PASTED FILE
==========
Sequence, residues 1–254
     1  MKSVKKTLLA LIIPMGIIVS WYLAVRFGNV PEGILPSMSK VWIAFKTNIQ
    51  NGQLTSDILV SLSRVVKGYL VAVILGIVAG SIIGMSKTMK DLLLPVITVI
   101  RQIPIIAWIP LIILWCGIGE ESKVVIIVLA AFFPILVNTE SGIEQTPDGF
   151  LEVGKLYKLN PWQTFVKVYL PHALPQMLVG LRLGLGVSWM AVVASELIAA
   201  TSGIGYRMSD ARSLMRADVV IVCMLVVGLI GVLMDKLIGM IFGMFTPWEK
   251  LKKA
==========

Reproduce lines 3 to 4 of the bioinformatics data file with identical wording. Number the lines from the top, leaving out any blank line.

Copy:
    51  NGQLTSDILV SLSRVVKGYL VAVILGIVAG SIIGMSKTMK DLLLPVITVI
   101  RQIPIIAWIP LIILWCGIGE ESKVVIIVLA AFFPILVNTE SGIEQTPDGF